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Democrats Embrace Dynamic Scoring Gimmicks to Reduce Cost of Their Proposals

“Everybody plays games" with the budget books said House Budget Chair John Yarmuth.
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Cooking the Books Democrat Style

Cooking the Books Democrat Style

Politico reports Democrats Embrace ‘Cook-the-Books’ Tactic They Bashed Under Republican Reign.

When Republicans have used dynamic scoring in the past, Bernie Sanders called it a "gimmick" and a way to "cook the books." Now Democrats are using the same strategy.

The hypocrisy is not lost on Republicans. They endured the ire of Sanders and other Democrats in 2017, when they used dynamic scoring — the controversial technique that involves assuming that a policy will ultimately result in increased government revenue — to justify their $2.3 trillion tax overhaul. Democrats dismiss the GOP backlash as a bit rich.

"They introduced the concept!” Sanders said this month, scoffing at Republican criticism of using the budget forecasting ploy, which he neither defends nor decries these days.

David Wessel, a director of fiscal and monetary policy at the Brookings Institution, said dynamic scoring could help Democrats squeeze through priorities that would otherwise be iffy under the rules of the reconciliation process, which they’re using to pass their $3.5 trillion package along party lines. Every piece of that massive bill has to have a significant effect on federal spending, revenues or debt within a 10-year budget window, or Democrats risk running afoul of the Senate parliamentarian and tanking parts of the package.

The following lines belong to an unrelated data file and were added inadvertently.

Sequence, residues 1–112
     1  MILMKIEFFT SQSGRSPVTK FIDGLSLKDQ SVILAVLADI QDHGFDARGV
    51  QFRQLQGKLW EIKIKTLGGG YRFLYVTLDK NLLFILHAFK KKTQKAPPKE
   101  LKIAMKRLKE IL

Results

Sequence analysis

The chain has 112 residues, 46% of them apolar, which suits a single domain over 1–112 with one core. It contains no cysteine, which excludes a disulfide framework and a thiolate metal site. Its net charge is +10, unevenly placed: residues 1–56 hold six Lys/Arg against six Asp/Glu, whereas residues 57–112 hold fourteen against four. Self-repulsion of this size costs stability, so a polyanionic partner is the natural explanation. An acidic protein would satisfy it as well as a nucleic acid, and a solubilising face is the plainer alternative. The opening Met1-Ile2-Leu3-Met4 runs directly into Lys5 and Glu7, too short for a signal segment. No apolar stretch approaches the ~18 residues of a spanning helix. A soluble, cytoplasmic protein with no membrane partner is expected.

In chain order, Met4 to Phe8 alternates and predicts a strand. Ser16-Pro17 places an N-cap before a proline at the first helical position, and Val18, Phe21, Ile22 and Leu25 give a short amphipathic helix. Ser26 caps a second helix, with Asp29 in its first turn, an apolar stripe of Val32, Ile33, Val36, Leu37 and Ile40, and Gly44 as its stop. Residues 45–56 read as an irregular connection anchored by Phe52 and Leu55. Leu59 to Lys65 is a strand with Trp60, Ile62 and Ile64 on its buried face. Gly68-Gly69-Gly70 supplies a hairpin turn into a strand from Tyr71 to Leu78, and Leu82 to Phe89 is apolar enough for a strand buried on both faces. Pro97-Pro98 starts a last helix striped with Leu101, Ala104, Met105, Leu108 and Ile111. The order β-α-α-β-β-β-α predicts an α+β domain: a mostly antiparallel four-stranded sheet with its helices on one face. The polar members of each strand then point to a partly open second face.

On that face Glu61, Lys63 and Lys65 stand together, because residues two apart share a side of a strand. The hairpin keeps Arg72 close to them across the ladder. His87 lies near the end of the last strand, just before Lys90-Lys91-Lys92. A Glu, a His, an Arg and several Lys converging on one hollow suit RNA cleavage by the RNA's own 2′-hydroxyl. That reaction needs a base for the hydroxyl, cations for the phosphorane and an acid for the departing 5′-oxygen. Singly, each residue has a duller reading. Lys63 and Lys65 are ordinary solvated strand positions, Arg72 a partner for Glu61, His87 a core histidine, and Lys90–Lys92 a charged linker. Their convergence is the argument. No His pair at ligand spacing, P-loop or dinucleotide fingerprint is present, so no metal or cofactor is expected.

"You know, there's limits to it,” said Sen. Jon Tester (D-Mont.). “But I would agree with using some dynamic scoring.”

A group of senators is also weighing dynamic scoring as a way to yield about $60 billion in savings for their bipartisan infrastructure package, helping offset nearly $600 billion in new spending.

Sen. Tim Kaine (D-Va.), a member of the Budget Committee, said Democrats could always dial back on their reliance on dynamic scoring in the massive party-line bill. But if Republicans are entertaining its use in a bipartisan infrastructure measure, he said, the scoring strategy is fair game.

Interesting Math

Dynamic scoring supposedly will "help offset" $60 billion of a $600 billion infrastructure bill.

It seems to me that is not much help, especially when everyone knows it's a fantasy offset. 

To satisfy Tester's concern, I suggest Republicans abandon the gimmick as well.

Cook the Book Hypocrisy

Everyone likes to cook the books then point the finger when the other side does the same thing.

In this case, Democrats need it more. We have not seen the final proposal yet, but some Democrat goals are not even budget items.

What gets included in the final bill must be a budget item or Senate parliamentarians will strike it from the legislation. 

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Grade School Playground Logic 

"They introduced the concept!,” said Sanders. 

Sanders' defense sounds like what one would hear in a second grade playground. Well don't blame me Father Ted. Susie did it too. So did Jimmy. Look at Bobby. He started it.

That unfortunately is the kind of reasoning needed to pass $3.5 trillion boondoggles. 

The rationale never changes, but the pricetag keep going up and up.

Key Question Remains

Given there can be no Democrat defections for the bill to pass, the key question remains: Are Manchin, Sinema, and Tester On Board Biden's $3.5 Trillion Socialist Express?

It seems increasingly likely that Tester is on board with most of it. Place your bets.

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